Mount Vernon

At my mom’s request, we made the trip out to Mount Vernon, the estate of George Washington, on Sunday. Located at the end of the GW Parkway , MV is located about 15 scenic miles outside of DC, on the banks of the Potomac River. We picked up Mom, Eric, and Marie from the hotel, packed everyone into our little blue Fit, Richard Simmons, and set off on our exciting drive. Despite missing the exit for the GW Parkway and having three potentially very motion-sick people in the back seat, we arrived in one piece on a gorgeous fall day.

The Potomac

Admission to MV is currently $13 for adults, but SB and I paid $5 extra each for an annual membership, which means that in the future we can go out, pay no admission, and perhaps just pay for extras like the Potomac River cruise. $13 for one day is kind of steep, but $18 for one year – even if we only go one more time – is totally worth it.Upon admission (and the most terrible ID photos ever), we were greeted by this sheep:

yawn

OK, OK, the sheep didn’t actually have much to do with anything, but he was one of the first things we saw. One of the really exemplary aspects of MV is the work that has been done to educate visitors about MV as an estate, not just as the home of the first President. At its peak, the estate included 8,000 acres and 5 distinct farming/development areas – there are four acres currently dedicated to a working farm.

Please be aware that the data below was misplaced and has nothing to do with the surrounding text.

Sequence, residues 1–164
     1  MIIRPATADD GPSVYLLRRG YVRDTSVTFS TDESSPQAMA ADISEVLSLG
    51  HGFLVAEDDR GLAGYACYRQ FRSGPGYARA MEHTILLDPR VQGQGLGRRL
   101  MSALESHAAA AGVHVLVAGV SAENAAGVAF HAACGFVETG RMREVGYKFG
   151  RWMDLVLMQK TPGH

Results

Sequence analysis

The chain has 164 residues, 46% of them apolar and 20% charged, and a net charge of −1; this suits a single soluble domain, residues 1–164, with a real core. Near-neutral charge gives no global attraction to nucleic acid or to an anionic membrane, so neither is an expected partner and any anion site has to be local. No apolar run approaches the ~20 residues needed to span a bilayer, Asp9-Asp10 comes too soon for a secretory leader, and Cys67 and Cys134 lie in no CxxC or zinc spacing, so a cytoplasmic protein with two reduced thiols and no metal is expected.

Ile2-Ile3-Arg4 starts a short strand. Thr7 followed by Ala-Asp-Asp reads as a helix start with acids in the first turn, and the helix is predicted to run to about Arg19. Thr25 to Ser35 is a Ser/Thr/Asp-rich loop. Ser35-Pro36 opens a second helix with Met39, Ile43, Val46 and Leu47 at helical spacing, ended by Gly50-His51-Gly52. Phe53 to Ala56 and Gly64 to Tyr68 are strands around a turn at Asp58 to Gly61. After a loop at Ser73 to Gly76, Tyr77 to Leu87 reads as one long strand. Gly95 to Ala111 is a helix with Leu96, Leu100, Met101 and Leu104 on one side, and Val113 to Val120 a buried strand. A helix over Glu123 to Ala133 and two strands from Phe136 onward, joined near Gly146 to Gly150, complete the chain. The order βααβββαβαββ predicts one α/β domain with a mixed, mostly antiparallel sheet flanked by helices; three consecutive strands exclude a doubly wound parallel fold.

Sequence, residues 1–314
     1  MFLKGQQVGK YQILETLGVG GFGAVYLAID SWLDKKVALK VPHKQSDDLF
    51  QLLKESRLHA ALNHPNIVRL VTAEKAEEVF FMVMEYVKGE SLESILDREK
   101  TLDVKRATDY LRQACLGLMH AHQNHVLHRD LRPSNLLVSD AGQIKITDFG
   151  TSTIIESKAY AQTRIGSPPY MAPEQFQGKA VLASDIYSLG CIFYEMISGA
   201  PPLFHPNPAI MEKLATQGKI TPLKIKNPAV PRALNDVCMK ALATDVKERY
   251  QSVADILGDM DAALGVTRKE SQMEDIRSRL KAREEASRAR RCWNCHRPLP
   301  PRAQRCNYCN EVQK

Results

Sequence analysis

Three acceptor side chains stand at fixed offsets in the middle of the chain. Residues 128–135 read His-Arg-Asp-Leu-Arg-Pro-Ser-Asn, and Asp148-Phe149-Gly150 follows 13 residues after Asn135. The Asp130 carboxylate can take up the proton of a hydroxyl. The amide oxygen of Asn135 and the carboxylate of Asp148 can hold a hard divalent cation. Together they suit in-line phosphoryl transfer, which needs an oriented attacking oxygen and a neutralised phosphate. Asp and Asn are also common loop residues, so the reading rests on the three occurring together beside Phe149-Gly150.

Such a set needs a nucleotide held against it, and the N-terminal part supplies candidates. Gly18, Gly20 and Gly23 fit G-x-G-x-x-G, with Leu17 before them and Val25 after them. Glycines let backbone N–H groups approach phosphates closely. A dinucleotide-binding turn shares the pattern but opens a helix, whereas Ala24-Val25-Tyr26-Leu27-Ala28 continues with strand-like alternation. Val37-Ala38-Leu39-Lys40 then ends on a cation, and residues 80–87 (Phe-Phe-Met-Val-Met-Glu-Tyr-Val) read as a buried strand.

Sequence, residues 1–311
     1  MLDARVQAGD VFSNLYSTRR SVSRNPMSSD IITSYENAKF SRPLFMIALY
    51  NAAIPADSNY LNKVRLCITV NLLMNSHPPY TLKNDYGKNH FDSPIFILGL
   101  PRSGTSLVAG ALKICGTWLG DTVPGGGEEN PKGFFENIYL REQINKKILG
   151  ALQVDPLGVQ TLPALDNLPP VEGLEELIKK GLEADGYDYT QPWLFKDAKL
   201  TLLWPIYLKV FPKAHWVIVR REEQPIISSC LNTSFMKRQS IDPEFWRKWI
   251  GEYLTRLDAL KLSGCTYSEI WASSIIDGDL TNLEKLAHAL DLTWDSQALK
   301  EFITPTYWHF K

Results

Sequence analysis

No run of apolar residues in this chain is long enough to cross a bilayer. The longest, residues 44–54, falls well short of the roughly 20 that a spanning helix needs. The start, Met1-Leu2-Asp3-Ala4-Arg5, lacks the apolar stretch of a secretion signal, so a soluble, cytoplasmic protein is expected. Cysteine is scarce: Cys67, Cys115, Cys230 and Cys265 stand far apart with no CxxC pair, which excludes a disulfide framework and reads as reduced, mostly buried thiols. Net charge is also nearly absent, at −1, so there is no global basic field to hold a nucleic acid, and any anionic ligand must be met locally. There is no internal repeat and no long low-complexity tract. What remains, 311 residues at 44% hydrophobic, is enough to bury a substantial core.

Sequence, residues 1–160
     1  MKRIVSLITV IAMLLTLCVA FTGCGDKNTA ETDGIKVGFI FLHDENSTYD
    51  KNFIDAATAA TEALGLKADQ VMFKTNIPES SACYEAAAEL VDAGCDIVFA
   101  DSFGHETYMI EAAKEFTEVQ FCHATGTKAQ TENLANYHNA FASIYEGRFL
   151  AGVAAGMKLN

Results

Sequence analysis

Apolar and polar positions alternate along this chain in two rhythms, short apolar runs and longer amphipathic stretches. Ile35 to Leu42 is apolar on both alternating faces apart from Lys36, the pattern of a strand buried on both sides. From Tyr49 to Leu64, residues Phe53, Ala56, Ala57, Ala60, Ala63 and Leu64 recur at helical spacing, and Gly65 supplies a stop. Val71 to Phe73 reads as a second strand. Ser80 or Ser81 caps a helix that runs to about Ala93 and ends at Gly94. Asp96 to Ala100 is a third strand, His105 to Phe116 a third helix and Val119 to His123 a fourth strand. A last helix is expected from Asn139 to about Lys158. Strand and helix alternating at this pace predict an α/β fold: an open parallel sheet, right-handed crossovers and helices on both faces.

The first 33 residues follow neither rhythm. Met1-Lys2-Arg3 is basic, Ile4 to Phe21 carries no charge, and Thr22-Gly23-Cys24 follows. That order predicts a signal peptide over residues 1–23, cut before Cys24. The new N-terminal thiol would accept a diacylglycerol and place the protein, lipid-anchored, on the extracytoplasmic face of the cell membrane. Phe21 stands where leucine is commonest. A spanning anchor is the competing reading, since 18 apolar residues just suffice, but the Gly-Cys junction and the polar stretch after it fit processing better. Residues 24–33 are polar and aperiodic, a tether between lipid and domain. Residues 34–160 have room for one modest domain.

In 1860, the Mount Vernon Ladies’ Association bought up the property and set to work preserving and restoring the building and the grounds. We skipped the mansion, but Mom said it was totally worth waiting in the long line. We opted to sit on the veranda.

Mount Vernon

I wouldn’t have been surprised if the estate had whitewashed the fact that the Washingtons had owned slaves – this is the sort of revisionist history that is to be expected – but evidence of the slaves – their quarters, their graves, and Washington’s will stating that the slaves were to be released – was well integrated into the estate and its educational materials. In addition to the family graves, there was a quiet memorial for the slaves nearby.

Day 112 - 11/11/07

After the memorials, we walked down the slope to the boathouse and the shore of the Potomac. The entire day was gorgeous and informative – with the exception of Washington’s teeth.

Smile!

Washington apparently had horrific teeth – through no fault of his own (as far as we read). He spent a great deal of money on dental work, and at the time of his inauguration, he only had one tooth remaining. He had eight complete sets of dentures in his lifetime, one of which is on display in the education center. None of them were made of wood, but all of them were pretty gross.

ow ow ow ow

I started a new weight training routine last night, and omg, I can hardly walk today. It’s pretty ridiculous. I had planned to run on the off nights – I very nearly finished week 3 of Couch to 5K before succumbing to a lingering miserable cough almost two weeks ago and am eager to start back up – but I may have to take a few days to let my legs start working again first.

“The best bad job you can have”